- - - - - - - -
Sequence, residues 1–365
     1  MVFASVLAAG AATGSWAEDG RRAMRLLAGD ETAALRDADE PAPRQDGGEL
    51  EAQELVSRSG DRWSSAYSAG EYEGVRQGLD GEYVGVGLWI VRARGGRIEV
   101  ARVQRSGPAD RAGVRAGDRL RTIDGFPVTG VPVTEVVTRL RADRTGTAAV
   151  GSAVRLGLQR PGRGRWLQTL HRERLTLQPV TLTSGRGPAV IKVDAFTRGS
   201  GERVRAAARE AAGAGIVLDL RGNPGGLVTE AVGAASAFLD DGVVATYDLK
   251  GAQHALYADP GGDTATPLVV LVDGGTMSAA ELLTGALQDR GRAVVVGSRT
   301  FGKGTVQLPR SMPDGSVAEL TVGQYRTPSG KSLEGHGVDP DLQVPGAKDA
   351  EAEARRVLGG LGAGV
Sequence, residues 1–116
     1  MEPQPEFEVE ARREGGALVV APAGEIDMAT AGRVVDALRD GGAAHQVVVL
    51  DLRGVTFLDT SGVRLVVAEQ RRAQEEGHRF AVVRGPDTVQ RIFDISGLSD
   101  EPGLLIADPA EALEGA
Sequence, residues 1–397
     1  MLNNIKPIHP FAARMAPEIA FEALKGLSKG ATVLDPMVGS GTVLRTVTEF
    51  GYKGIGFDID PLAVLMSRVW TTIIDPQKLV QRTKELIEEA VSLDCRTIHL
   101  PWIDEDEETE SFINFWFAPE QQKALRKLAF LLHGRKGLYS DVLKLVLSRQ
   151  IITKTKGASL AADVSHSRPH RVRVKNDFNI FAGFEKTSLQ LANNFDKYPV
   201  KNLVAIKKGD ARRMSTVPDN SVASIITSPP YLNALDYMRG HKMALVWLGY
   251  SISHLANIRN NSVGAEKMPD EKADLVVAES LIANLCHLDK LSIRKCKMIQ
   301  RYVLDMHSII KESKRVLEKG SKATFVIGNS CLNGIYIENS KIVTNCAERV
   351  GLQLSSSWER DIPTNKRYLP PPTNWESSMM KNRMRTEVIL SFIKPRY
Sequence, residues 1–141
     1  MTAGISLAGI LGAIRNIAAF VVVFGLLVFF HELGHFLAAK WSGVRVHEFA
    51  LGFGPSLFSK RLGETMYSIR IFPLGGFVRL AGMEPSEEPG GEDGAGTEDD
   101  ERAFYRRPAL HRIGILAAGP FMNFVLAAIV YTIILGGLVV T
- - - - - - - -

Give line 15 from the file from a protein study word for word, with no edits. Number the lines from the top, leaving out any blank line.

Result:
     1  MLNNIKPIHP FAARMAPEIA FEALKGLSKG ATVLDPMVGS GTVLRTVTEF